The coronavirus is a genuine threat to prosperity, at least in the short run, in large part because it is causing a contraction in global trade.
The silver lining to that dark cloud is that President Trump may learn that trade is actually good rather than bad.
But dark clouds also can have dark linings, at least when the crowd in Washington decides it's time for another dose of Keynesian economics.
Fiscal Keynesianism – the government borrows money from credit markets and politicians then redistribute the funds in hopes that recipients will spend more.
Monetary Keynesianism – the government creates more money in hopes that lower interest rates will stimulate borrowing and recipients will spend more.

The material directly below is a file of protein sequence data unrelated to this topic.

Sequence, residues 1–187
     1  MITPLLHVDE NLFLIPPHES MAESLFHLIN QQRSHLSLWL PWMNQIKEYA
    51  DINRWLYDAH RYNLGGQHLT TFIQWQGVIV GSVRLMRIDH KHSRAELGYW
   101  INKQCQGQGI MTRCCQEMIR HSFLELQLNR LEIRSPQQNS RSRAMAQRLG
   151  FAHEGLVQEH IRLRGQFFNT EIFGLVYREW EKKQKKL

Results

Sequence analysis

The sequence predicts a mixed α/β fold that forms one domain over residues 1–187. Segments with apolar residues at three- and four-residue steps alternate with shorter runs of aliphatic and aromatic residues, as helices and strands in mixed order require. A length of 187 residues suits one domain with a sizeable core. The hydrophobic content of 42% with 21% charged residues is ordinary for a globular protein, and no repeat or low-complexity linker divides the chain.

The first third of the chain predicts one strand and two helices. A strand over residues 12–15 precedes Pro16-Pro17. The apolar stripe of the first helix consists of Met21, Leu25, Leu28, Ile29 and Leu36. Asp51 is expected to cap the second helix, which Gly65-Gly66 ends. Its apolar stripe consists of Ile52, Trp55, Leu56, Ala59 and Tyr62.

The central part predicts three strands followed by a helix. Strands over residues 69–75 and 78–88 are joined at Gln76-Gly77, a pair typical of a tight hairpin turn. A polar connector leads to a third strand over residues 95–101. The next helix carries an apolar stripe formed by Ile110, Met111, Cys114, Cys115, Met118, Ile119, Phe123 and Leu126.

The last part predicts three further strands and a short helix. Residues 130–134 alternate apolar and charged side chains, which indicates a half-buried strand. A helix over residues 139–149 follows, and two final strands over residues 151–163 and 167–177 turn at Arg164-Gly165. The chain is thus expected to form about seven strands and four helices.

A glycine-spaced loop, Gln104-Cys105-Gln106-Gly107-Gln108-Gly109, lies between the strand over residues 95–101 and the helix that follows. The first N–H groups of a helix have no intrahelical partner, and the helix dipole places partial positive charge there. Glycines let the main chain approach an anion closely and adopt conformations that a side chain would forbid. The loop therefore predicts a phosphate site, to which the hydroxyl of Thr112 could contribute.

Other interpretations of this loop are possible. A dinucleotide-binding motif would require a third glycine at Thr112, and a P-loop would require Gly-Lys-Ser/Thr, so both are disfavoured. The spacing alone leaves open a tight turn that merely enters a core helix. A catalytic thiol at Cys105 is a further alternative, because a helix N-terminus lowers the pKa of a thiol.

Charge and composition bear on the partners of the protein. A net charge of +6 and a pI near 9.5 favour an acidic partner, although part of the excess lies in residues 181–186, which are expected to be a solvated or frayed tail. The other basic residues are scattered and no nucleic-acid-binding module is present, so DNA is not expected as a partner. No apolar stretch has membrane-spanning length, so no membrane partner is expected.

Critics warn, correctly, that Keynesian policies are misguided. More spending is a consequence of economic growth, not the trigger for economic growth.
But the "bad penny" of Keynesian economics keeps reappearing because it gives politicians an excuse to buy votes.
The Wall Street Journal opined about the risks of more Keynesian monetary stimulus.